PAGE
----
Saturday, January 29, 2011

A Hint for Cleaning Oil Pastels

I love the look of oil pastels, but haven't done much with them this year because our oil pastels are in such bad shape.  My budgets are tiny and I order a few new sets each year, but there are never enough to go around.  As time goes by the new ones find there way into the big box with the old ones and before long, the new ones look just as bad as the old ones. Nothing to me is as frustrating as watching a kid encounter that unexpected muddy streak in the peach or the pink. It's so demoralizing.  

Last night I discovered that olive oil works pretty well to restore old craypas by melting away the grime.  To start I set out a splash of olive oil in a little bowl or cup.  Each craypas got their tip dunked into the oil and then wiped off on a paper towel.  I tackled all the warm colors first, then went for the cool colors.  Not as easy as the chalk and rice trick, but effective. 
Next step, teach the kids how to do this task.
Okay so, I have my pastels sorted by color into a muffin tin right now, but am looking for a better system.  The original boxes are long gone.  So tell me.  How do you store your oil pastels?  

6 comments:

  1. I really love oil pastels, so they don't last too long around here. I think the biggest trick for oil pastels is to keep the colors separate. I keep the original boxes around for as long as possible, then have little cups for each color. If they are even stored together, they seem to become more of a mess. I've never used oil to clean them, nice idea. I usually just wipe them with a paper towel.

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  2. I, too, keep the original boxes as long as possible. I like Pentels, which come in tray like boxes. The lids get torn but then I slide the trays into zip lock bags. My tables are named (with signs on little wood "table people" like "Picasso table", Khalo, etc - the artist's picture is on the table man) and I identify each zip lock with its table name. I do this because some tables seat more kids than others, so those tables need more sets of pastels. As far as cleaning, I've never thought too much about it. I have the kids just color a bit on the newspaper covering their table (if they need to) before marking on their good paper. That cleans of any extra color pretty well. As I think about it, though, I rarely have the kids use oil pastels on any project where pristine colors are necessary.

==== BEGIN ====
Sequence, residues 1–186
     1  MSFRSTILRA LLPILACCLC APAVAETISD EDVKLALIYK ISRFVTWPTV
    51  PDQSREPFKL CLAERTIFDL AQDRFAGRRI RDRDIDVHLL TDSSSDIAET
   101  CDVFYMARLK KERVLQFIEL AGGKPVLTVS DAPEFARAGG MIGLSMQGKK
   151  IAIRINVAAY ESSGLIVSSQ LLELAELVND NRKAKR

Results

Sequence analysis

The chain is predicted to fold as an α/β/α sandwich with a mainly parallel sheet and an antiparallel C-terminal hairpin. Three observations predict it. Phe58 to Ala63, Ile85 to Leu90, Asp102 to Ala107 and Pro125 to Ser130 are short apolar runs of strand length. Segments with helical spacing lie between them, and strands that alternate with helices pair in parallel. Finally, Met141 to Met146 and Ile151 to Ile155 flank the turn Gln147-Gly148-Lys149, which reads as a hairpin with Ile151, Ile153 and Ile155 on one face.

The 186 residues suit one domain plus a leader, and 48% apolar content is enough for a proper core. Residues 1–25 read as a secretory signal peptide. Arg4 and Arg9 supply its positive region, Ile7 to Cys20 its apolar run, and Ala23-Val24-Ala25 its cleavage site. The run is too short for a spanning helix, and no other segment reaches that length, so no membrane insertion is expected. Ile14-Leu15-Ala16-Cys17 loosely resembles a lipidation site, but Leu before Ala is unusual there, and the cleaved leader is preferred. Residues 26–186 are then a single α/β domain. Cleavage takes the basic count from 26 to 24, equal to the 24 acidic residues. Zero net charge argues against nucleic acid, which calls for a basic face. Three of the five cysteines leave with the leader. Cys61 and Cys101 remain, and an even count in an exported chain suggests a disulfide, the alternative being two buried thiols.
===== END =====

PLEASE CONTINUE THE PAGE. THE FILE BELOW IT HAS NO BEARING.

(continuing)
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  3. My oil pastels are always a mess. The boxes last about 2 days and then no more.. I would like to try this (I'll try a cheaper oil 1st though - I don't need gourmet oil pastels!). But I still haven't gotten around to the chalk pastel rice trick so it may be a little while before I try this. Sigh...

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  4. I love the big crayola ones! Yesterday my 5th graders destroyed the system. I have them put them back in the box (sorted at the end of class) They take the colors they need at the beginning of class because they are getting pretty independent. So when I discovered they threw the oil pastels in the box without sorting. . . I sent the box up to the classroom teacher and they reorganized them in their classroom (I can be a little crazy about clean up sometimes I guess.) But they brought me back an organized box of oil pastels and won't mess them up again anytime soon or two teachers will be on their case. Helps to work with great teachers!

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  5. I don't really worry about the messy oil pastels! The kids just wipe them off if they need to. I store mine in the crayola classroom box too. I give one or two kids the job at the end of class to sort. Sometimes I just don't care and use the old ones in a small bin on the table and not worry about mixing for certain projects. Like my Impressionist landscapes where I want them to mix colors to create the painting effect. I'll post those on my blog soon!

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  6. great suggestion....will try when I get to class tomorrow.....also love the idea bout keeping them separated.


    Miriam
    www.murchart.blogspot.com
    www.mommyactivist.blogspot.com

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